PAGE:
Deliberate self-harm among adolescents : course, outcome and treatment

Sammanfattning: Background: Self-harm among adolescents is prevalent, and is a risk factor for suicide, which is one of the leading causes of death among youth worldwide. There is a need to better understand the role and impact of self-harm within clinical samples, and the subsequent risks associated with self-harm with and without suicidal intent. Dialectical behavior therapy (DBT) has the strongest empirical support for treatment of self-harm among adolescents, and extended knowledge on important treatment components is critical for the development of brief, efficacious interventions that are easily accessible for adolescents. Aim: The aims were to • Study clinical and psychosocial correlates as well as long-term outcome among clinical samples with self-harm • Explore experiences of care among young adults who have participated in specialist- level interventions targeting self-harm (i.e. DBT) Methods: The clinical and psychosocial correlations was studied in a case-control study (N = 25,161) comparing three subgroups of patients; 1) self-harm only, 2) self-harm and suicidality, and 3) neither self-harm nor suicidality (controls). Linear regression and logistic regression were used to calculate associations. Outcomes were studied in three different longitudinal cohort studies: 1) outcomes after self-harm with and without suicidal ideation/behavior (N = 6,120) , 2) outcomes for boys or girls with self-harm (N = 110,072) , and 3) outcomes after nonsuicidal self-injury (NSSI) or suicide attempt (SA) using NSSI and SA as time-varying covariates (N = 2,219). By using Cox regression, Hazard Ratios with 95% Confidence Intervals were estimated for each outcome. Salient treatment components were studied with a qualitative analysis of 19 semi-structured interviews with former DBT patients. Results: Self-harm within clinical populations was associated with higher clinical and psychosocial burden and higher risk of adverse outcomes, e.g. alcohol/substance misuse, violent and nonviolent criminality, as compared with patients with no self-harm. Patients with both self-harm and suicidality are the most vulnerable group. The young self-harming patient valued a therapist who showed explicit concern and trust in the patient’s competence to change destructive behaviors, but also meeting and learning from peers. Conclusion: Help-seeking boys and girls with self-harm need appropriate care and assessment, including prevention and treatment of alcohol and substance use. Self-harm might serve as a risk marker for emotion dysregulation and impulsivity within both sexes. Suicidality in addition to self-harm need to be regularly assessed and signals highly increased risks for future adverse outcomes. Interventions that lower the risks are necessary. Young patients with self-harm, can be strongly motivated, and work hard, to improve their well- being and pursue a life worth living. Teaching and learning from peers might be of particular value and importance among adolescents.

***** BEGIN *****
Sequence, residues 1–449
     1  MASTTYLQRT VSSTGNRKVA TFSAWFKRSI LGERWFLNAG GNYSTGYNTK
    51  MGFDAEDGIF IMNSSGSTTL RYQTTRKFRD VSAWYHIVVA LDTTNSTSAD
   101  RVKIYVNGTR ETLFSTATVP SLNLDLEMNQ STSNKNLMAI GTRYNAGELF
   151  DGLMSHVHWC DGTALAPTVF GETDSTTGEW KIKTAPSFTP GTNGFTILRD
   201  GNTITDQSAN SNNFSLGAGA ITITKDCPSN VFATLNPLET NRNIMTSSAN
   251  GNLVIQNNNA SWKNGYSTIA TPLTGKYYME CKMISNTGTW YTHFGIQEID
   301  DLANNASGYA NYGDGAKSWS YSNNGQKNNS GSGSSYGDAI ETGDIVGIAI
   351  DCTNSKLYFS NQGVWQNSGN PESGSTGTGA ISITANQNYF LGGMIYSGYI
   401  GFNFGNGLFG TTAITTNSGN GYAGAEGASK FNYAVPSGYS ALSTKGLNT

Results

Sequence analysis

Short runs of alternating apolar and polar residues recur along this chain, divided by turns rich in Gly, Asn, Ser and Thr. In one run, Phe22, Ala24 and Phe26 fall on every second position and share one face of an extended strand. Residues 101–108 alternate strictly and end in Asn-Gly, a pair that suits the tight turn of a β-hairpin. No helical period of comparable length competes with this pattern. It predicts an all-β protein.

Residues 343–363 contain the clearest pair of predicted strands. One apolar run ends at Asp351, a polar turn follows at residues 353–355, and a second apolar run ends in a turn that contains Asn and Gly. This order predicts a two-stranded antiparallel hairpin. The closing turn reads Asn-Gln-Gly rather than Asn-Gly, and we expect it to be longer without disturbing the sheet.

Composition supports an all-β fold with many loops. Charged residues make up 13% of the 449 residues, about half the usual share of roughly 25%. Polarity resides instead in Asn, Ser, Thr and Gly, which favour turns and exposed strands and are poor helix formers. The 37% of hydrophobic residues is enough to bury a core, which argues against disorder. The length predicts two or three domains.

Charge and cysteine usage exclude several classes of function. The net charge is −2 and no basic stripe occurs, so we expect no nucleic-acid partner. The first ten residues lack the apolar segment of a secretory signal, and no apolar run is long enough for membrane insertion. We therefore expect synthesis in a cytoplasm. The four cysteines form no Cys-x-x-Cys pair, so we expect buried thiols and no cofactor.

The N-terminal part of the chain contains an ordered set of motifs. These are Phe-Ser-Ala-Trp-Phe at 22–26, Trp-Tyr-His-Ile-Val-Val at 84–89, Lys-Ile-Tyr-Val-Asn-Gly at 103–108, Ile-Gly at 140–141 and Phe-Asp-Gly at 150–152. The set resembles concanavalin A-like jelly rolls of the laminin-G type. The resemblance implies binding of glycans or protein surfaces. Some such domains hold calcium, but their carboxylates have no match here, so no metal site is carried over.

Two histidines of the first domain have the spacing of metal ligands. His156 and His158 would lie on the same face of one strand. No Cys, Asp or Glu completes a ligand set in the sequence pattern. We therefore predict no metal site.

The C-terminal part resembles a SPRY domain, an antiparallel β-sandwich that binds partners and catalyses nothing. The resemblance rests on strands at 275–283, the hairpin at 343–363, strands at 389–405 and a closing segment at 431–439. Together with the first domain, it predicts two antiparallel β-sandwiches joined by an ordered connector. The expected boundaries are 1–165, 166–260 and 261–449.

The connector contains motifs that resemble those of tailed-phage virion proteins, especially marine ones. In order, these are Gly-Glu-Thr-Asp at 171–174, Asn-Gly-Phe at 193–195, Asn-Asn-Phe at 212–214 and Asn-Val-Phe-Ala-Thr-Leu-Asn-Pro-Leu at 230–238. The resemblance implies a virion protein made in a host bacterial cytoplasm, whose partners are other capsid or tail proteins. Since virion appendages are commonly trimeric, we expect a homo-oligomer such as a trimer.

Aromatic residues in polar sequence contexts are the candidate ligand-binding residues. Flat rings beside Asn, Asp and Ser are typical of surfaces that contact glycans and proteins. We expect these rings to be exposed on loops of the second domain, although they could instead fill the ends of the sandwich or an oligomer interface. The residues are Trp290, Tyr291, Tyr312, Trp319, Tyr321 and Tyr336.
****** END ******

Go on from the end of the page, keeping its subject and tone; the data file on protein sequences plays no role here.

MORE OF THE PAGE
Denna avhandling är EVENTUELLT nedladdningsbar som PDF. Kolla denna länk för att se om den går att ladda ner.